It is always my pleasure to speak about Unstoppable Freedom. I love teaching people how to find and follow their passion, and to show them that they already have everything that they need to transform the landscape of their lives into something that reflects their innate purpose. When I share with my audiences, I remind them that my words will not make them free if they hear them, or even know them. Unstoppable Freedom only comes when we act.
Each of us want to connect. To love and be loved is our life’s highest calling. In our daily lives we are on a constant quest, searching for the place that we fit best. When we meet someone new, we conduct the obligatory “get-to-know-you chat.” We ask about them and tell stories about ourselves, and we begin to create a profile of who this new person is. What are they about? Where do they come from? What are they like? Where are they headed?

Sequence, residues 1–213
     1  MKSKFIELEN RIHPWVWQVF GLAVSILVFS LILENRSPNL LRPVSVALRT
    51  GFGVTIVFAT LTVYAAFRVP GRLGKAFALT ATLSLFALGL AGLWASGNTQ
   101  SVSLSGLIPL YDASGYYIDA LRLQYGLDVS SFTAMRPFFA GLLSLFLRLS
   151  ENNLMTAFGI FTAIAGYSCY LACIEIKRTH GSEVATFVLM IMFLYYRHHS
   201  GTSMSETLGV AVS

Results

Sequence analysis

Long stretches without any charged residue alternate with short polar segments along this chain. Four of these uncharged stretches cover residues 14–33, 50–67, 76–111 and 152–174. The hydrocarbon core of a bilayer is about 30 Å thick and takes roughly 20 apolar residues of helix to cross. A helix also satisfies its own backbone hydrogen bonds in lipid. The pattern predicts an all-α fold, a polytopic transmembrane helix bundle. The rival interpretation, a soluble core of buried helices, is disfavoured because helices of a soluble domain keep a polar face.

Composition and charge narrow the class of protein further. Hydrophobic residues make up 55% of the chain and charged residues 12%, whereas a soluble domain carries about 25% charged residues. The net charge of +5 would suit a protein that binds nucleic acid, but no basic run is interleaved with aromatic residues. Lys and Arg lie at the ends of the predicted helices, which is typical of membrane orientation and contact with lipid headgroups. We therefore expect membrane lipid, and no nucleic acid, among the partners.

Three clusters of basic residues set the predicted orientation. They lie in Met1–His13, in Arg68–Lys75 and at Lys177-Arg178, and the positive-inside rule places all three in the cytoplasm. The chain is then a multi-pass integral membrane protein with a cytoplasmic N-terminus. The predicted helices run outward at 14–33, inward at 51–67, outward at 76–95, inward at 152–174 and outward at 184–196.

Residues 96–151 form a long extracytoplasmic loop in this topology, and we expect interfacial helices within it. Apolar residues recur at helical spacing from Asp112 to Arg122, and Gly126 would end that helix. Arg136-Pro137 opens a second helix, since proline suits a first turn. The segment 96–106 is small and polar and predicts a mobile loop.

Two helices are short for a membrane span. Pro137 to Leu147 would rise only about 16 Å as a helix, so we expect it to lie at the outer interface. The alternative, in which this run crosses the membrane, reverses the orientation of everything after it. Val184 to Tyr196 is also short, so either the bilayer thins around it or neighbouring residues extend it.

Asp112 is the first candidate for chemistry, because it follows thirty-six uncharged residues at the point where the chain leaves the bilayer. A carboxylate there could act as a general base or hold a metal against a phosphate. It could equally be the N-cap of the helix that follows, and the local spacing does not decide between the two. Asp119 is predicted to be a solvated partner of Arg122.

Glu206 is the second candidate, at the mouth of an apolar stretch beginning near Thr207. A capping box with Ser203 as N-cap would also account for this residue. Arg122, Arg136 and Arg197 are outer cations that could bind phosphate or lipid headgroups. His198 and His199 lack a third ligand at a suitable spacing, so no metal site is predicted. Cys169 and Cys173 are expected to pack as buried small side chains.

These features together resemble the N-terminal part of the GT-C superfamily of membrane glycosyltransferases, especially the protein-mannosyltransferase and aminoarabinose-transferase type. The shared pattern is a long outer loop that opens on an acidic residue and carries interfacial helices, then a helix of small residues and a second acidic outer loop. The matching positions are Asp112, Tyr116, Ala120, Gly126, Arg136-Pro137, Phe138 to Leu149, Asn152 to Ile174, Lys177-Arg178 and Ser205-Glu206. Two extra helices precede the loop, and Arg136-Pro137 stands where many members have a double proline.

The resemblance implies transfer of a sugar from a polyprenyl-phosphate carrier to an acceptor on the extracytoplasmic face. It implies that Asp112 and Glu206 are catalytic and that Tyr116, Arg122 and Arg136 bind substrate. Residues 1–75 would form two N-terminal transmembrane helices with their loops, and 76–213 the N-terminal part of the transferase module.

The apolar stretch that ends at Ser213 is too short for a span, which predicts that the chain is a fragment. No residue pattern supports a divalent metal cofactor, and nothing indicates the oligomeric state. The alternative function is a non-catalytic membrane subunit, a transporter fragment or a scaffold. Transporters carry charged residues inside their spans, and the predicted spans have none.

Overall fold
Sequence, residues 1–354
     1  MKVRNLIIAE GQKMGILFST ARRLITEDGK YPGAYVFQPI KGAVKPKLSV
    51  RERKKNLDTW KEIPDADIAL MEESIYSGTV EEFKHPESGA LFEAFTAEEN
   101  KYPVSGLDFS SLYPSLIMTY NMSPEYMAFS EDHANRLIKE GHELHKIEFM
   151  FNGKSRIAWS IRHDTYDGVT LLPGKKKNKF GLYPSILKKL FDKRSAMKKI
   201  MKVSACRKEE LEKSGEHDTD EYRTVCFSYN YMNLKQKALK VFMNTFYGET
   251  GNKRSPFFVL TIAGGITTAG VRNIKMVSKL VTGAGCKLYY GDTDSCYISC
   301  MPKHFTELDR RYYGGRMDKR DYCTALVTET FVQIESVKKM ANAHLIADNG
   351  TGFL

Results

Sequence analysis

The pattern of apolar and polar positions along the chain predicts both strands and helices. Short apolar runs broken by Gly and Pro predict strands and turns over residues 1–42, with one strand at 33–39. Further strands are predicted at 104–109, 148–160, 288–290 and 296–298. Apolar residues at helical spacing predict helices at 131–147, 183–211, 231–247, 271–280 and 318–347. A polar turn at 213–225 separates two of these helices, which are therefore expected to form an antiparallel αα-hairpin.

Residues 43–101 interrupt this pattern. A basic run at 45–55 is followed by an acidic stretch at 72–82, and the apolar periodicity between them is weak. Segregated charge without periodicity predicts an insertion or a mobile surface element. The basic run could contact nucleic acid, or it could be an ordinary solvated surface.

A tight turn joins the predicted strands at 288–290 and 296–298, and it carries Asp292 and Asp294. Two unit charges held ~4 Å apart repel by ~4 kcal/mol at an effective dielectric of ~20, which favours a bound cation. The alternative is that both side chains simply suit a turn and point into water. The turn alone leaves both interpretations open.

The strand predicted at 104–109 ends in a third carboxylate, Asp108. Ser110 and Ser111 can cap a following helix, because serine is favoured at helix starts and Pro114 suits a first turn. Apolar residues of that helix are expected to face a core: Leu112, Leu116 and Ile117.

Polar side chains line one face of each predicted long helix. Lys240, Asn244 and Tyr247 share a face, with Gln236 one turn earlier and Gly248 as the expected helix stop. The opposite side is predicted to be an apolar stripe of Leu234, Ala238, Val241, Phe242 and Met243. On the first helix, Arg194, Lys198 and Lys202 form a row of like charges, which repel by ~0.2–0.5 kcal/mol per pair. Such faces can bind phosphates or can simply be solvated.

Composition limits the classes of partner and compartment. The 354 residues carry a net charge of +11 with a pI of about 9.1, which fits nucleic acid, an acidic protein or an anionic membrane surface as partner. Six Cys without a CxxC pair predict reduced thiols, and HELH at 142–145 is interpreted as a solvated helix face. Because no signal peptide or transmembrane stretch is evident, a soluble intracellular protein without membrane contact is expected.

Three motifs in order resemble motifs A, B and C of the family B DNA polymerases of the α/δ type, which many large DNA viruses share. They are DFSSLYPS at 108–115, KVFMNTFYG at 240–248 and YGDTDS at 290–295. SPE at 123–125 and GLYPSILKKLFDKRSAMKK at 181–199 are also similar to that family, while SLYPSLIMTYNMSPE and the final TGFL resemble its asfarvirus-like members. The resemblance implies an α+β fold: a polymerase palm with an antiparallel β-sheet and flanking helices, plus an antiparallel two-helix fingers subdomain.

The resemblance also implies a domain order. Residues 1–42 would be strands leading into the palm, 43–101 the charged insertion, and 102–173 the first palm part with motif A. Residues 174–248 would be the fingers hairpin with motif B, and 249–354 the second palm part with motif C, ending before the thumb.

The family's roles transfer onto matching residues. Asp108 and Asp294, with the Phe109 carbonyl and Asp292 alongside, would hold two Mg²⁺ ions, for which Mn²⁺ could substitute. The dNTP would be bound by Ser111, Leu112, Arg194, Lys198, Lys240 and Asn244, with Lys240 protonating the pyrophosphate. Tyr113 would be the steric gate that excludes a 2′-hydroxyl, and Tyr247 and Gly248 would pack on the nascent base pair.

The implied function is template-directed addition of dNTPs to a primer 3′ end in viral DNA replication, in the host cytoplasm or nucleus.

Now I am passionate in my love of humans and humanity. Give me all things ‘People’ and I am a happy camper. But even from this perspective, I do not necessarily see the human race through rose coloured glasses. Seriously, if you are going to really love humans, the only way to do this is warts and all. At the end of the day, our deep desire to connect may not always be about the high calling to selflessness, altruism and unconditional love. If we are brutally honest, we must admit that our own gain is one of our strongest motivators. Most, if not all, of our life choices are driven by the universal question: What’s in it for me?
This is true when we are connecting with people. Old friends, new friends, old enemies, new enemies. It’s all the same. Our relationships only work if we know exactly what we get out of what we put in. And what do we want more than anything else? To be valued. To be seen as significant. To be accepted and appreciated. When we connect with people, we are on the lookout for evidence that we matter. When we have those “get-to-know-you conversations”, we are really just doing yet another round of the same thing. We are investigating how they are like us. We are looking for ourselves.